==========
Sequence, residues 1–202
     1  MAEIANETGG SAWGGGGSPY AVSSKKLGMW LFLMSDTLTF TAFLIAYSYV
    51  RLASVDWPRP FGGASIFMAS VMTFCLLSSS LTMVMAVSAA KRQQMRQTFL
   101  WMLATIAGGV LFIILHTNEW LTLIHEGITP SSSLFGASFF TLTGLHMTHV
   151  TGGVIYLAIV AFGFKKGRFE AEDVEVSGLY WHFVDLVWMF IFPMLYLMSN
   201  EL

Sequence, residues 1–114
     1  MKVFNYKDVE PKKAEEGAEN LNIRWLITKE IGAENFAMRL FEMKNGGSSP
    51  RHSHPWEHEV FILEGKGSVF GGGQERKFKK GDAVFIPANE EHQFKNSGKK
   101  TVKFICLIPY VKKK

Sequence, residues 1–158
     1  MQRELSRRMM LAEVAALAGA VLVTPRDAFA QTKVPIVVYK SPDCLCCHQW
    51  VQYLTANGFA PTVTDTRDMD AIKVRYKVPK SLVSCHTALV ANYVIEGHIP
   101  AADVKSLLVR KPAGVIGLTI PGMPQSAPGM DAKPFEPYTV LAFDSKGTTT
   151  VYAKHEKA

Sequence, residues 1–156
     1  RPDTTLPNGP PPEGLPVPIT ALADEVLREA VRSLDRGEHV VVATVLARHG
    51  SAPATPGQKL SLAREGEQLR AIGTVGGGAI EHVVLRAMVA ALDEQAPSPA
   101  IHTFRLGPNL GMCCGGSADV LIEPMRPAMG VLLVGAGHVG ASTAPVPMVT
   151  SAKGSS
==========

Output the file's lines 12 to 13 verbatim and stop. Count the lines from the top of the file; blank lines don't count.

     1  MQRELSRRMM LAEVAALAGA VLVTPRDAFA QTKVPIVVYK SPDCLCCHQW
    51  VQYLTANGFA PTVTDTRDMD AIKVRYKVPK SLVSCHTALV ANYVIEGHIP